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New cosmetic approach begins at the muscle

Feb. 5, 2013
 
Dr. John Krasowski sits in front of a screen with measurements from a bilateral ultra-low frequency, neuro-mediated session Jan. 30 at Krasowski Dental on North 17th Avenue in Wausau.
Dr. John Krasowski sits in front of a screen with measurements from a bilateral ultra-low frequency, neuro-mediated session Jan. 30 at Krasowski Dental on North 17th Avenue in Wausau. / T'xer Zhon Kha/Gannett Central Wisconsin Media
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Doctor John Krasowski poses for a photo Jan. 30 at Krasowski Dental off from North 17th Avenue in Wausau. / T'xer Zhon Kha/Daily Herald Media

Symptoms or problems related to misaligned jaw:» Headaches
» Jaw pain
» Neck pain
» Shoulder pain
» Ringing in the ears
» Clicking sounds in the jaw joint

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Most people identify cosmetic dentistry with implants, new veneers and tooth whitening techniques, but it’s not all about the look of one’s smile. Today’s focus in cosmetic dentistry is about getting a patient’s jaw muscles in a relaxed, natural alignment before fixing the appearance of teeth.

Most people who seek cosmetic dentistry do so because of years of deterioration attributed to a bad bite. Neuromuscular dentistry corrects your bite by locating “a zone of comfort” for the muscles that support your jaw, according to Wausau dentist Dr. John Krasowski.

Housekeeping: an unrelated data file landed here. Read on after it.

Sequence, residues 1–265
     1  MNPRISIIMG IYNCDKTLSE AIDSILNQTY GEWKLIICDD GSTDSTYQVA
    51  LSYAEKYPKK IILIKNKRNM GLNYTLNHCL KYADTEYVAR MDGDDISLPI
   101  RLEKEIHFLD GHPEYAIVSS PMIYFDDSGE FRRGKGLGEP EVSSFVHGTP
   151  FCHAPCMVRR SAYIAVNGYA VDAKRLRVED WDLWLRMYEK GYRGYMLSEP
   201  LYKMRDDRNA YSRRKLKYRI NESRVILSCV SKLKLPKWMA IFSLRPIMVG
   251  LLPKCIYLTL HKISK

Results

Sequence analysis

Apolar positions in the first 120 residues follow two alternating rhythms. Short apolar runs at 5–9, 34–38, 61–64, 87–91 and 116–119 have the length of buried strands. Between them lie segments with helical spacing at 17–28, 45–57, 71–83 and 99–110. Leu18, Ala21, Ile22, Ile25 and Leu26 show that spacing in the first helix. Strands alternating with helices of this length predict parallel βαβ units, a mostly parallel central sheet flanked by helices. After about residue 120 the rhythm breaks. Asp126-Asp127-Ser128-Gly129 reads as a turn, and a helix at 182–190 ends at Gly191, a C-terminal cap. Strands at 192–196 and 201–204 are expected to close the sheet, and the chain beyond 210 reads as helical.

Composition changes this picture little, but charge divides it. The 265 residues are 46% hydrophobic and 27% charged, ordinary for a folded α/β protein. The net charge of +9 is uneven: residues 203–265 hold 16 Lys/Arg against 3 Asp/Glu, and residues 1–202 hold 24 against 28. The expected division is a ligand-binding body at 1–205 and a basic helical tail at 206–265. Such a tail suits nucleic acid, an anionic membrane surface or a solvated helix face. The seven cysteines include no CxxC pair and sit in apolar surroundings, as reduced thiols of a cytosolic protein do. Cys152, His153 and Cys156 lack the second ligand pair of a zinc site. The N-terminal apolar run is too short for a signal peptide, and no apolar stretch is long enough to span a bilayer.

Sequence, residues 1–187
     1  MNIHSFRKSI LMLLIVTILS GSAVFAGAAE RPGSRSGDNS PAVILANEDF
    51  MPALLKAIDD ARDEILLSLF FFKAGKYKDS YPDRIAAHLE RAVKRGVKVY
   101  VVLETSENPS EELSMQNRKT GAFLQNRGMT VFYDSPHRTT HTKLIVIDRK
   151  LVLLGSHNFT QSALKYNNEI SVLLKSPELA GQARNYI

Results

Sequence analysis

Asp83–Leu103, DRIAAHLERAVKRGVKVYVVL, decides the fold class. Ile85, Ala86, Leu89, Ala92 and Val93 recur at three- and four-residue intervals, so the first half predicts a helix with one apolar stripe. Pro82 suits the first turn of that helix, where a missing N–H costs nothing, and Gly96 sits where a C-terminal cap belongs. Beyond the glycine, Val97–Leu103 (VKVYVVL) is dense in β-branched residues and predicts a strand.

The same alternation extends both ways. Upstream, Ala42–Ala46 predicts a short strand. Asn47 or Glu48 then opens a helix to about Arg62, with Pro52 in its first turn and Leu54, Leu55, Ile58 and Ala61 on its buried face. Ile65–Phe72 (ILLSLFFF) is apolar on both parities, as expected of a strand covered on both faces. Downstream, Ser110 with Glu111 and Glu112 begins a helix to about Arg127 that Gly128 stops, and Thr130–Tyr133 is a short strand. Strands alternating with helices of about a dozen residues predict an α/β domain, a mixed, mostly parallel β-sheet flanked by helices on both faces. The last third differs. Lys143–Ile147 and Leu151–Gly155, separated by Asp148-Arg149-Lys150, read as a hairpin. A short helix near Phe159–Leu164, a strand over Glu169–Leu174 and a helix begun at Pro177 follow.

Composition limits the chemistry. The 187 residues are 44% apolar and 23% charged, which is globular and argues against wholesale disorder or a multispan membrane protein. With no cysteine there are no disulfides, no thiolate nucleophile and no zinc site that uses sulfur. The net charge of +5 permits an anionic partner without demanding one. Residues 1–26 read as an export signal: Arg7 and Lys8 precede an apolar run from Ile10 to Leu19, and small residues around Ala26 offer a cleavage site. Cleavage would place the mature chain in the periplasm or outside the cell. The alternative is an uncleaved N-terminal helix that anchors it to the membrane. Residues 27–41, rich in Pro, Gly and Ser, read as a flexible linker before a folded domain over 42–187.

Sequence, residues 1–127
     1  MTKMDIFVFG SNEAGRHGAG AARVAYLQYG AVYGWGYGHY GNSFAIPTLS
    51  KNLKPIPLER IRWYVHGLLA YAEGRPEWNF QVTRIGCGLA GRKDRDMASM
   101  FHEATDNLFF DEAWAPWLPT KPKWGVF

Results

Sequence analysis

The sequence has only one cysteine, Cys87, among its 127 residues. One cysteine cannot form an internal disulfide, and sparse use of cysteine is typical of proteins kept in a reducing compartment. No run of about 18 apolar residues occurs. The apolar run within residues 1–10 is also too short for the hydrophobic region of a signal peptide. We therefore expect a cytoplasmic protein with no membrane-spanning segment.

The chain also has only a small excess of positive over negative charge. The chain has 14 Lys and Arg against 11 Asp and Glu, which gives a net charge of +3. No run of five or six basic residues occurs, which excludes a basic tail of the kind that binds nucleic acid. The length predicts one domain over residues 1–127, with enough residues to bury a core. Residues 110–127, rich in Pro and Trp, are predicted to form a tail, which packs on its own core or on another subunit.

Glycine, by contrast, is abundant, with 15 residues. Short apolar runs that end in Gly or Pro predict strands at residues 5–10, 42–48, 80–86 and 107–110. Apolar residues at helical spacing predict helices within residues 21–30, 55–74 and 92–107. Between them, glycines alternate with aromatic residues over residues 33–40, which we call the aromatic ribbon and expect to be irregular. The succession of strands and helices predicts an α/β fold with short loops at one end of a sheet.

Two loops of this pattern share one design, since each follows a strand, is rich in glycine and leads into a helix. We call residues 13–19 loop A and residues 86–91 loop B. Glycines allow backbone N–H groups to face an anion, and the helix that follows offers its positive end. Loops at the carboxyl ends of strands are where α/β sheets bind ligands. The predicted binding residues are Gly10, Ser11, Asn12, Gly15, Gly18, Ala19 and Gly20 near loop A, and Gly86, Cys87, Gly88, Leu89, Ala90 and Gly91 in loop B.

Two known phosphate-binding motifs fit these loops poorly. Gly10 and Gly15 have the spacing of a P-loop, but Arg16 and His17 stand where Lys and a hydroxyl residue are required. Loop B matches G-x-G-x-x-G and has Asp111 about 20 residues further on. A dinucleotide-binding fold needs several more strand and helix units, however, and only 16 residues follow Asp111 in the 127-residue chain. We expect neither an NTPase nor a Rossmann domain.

When a patient complains of jaw pain or TMJ, grinding, clenching, headaches or even difficulty breathing, he or she will often require manipulation of the facial muscles before any dental work begins, Krasowski said. Patients stand in a cone beam CT scanner for evaluation of head posture, tongue position and their airway.

A patient might then be tested with electromyography and jaw tracking devices to measure facial muscle activity. The procedure can measure the position of the muscle at rest to fix issues with grinding teeth and jaw pain.

Krasowski and his team of dental staff use a treatment called bilateral ultra-low frequency, neuro-mediated transcutaneous electrical nerve stimulation, also called TENS, to improve circulation to muscles. The stimulation “rejuvenates the facial muscles in some cases by millimeters,” Krasowski said.

The goal is to position the jaw in a physiologic or natural rest position, he said.

“The priority is to get the muscles happy,” Krasowski said, “It changes people’s lives.”

In some cases, patients will wear orthotic devices to give them a better bite, less jaw pain and relief from other symptoms of discomfort. Devices are custom fit for each patient’s needs.

After patients have the “right bite,” then it’s time to make any upgrades to teeth such as new veneers, crowns or dental implants.

— 13 for 13 staff

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